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Introduction to Subdivision surfaces

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  1. Introduction toSubdivision surfaces Martin Reimers CMA, University of Oslo

  2. Overview • Basic ideas, curves • Subdivision Surfaces • Analysis

  3. Subdivision concept Polygon V=V0 Subdivision rule Vj! Vj+1 • Refine Vj • Reposition vertices Get V1,V2,

  4. Spline curve subdivision Get Pj+1 from Pj by ”corner cutting”: (Chaikins algorithm ’74) v2k=(3vk-1+ vk)/4 v2k+1 =( vk-1+3vk)/4 Subdivision matrix M: V1 is a quadratic spline (smooth curve)

  5. Spline curve subdivision Average twice v2k=(vk-1+ 6vk+vk+1)/ 8 v2k+1=(vk+vk+1)/2 Subdivision matrix M s.t. V1 is a cubic spline Lane&Riesefeldt[80]: Average d-1 times to get degree d Many other schemes, e.g. interpolating 4-pt scheme

  6. Subdivision Surfaces Same concept: Refine piecewise linear geometry V0 V1 V2 V1 Properties of limit surface V1? Continuous, smooth, fair…?

  7. Applications: modeling

  8. Applications: animation

  9. Applications: games Half-life 2 (Released Nov 2004)

  10. Mask Spline surface subdivision V0 – regular control mesh (grid) in 3D Generalize univariate subdivision rule: • Refine • Reposition Still linear rules, subdivision matrix Vj+1=MVj Vj converge to bi-quadratic spline Generalize: d-1 averages gives bi-degree d

  11. 3 3/16 9/16 4 2 1 3/16 1/16 0 Doo-Sabin scheme (‘78) Generalization: arbitrary mesh • n-sided faces • Any valence (Not only 4) Masks: Still have Vj+1=MVj(linearity)

  12. Doo Sabin Subdivision • Generalize bi-quadratic spline to arbitrary mesh • Smooth C1 limit surface [DS,Peters&Reif98]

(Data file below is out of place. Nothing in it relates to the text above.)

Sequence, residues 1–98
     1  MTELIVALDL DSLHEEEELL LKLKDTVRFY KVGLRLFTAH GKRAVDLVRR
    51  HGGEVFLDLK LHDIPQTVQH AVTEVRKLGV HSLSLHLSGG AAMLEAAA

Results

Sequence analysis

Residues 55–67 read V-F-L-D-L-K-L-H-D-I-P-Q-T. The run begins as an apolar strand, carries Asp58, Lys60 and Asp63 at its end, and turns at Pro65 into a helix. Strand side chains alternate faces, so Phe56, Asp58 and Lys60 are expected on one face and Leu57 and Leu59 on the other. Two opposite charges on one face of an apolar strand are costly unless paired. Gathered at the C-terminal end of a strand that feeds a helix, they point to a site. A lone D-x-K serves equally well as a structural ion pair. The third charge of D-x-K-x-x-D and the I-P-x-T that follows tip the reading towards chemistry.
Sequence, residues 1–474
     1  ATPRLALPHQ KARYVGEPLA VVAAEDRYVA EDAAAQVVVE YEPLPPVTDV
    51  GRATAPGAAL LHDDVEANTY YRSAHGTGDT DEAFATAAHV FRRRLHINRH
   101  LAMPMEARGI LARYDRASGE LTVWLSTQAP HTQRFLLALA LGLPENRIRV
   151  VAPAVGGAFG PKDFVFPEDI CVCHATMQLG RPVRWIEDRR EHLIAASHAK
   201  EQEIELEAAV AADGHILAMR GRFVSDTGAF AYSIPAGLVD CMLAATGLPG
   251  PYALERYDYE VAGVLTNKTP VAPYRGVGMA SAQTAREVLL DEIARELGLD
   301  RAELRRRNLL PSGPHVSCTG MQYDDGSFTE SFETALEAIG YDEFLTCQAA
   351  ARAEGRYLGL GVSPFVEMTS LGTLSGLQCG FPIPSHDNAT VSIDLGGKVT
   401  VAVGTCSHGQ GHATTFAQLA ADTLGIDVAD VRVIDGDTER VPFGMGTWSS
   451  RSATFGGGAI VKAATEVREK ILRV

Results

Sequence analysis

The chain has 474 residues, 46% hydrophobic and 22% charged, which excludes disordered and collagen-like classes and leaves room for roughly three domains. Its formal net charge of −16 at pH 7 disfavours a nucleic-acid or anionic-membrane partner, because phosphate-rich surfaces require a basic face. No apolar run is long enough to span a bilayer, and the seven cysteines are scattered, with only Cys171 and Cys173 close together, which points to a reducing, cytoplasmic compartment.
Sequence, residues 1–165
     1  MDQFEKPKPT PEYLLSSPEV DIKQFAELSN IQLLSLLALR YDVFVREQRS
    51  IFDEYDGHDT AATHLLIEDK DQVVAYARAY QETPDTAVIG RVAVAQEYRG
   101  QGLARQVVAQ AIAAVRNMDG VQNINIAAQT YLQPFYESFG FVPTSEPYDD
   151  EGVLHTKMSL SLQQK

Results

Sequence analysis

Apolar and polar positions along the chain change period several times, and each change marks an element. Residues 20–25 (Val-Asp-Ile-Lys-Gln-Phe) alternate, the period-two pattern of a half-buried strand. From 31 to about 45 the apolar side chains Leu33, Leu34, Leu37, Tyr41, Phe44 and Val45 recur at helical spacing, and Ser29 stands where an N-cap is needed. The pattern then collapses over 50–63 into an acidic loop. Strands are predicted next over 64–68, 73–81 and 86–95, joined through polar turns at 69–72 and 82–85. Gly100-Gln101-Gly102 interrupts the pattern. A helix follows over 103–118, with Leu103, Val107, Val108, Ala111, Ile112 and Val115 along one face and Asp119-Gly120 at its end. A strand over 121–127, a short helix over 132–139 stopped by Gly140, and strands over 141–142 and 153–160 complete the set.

13. Catmull-Clark Subdivision (‘78) Generalize bi-cubic splines limit is C2 exept in irregular points, [Peters&Reif98] Vertex mask Face mask Edge mask Constants: =3/2n2=1/4n2 (others possible) As before: Vj+1=M Vj

  14. Catmull-Clark scheme Implementation version FACE EDGE VERTEX

  15. Catmull-Clark, special rules Crease/bdy masks Piecewise smooth surface

  16. Loop’s scheme (‘87) Edge Vertex

  17. Loop’s scheme (‘87) Implementation version Edge Vertex

  18. Loop, special rules Bdy/crease: cubic spline rules Vertex Rule Edge Rule Other rules / effects possible (e.g. piecewise smooth)

  19. Loop’s scheme • Generalize 3-direction (quartic) box-splines • C2 almost everywhere, C1 in irregular points • Can be seen as a refine and average scheme

  20. Famous schemes

  21. Subdivision schemes Many schemes, ways to refine mesh etc. • Mesh types: tris, quads, hex…, combinations • Interpolating/Approximating • (Non)Uniform • (Non)Stationary • (Non)Linear ”Subdivision zoo” • Midpoint scheme [Peters&Reif] • √3 scheme [Kobbelt] • ”Refine&average” [Stam/Warren et al] • 4-8 subdivision [Velho&Zorin] • Tri/Quad schemes • Interpolating curves • …many more

  22. Pros and cons Splines in Toy Story 1 Pros: • Many of the pros of splines • Flexible wrt. topology/mesh • No gaps or seams! • Features are ”easy” • Simple to implement • Efficient to visualize • Simple/intuitive to manipulate Cons: • No global closed form (but locally) • Evaluation not straight forward (but…) • Ck , k>1 is hard • Artefacts (ripples etc.) • CC cannot make convex surface if n>5 [Peters&Reif04] Geri’s Game (Pixar studios)

  23. N a2 a1 Limit surface analysis Consider Loop scheme • Linear • Affine invariant • Convex hull property • Stationary • Symmetric • Smooth in regular regions Study properties of V1 = limj !1Vj • Limit points and normals • G1 (tangent plane) continuity • C1 continuity • Ck continuity, k=2,… a0

  24. Parametric representation Limit surface is parametric over Vj s : Vj!R3 p 2 Vj is mapped to s(v) 2 V1 V1 is a spline in regular regions i.e. has a polynomial representation Regular regions join smoothly What about irregular points/regions? Polynomial patch on regular region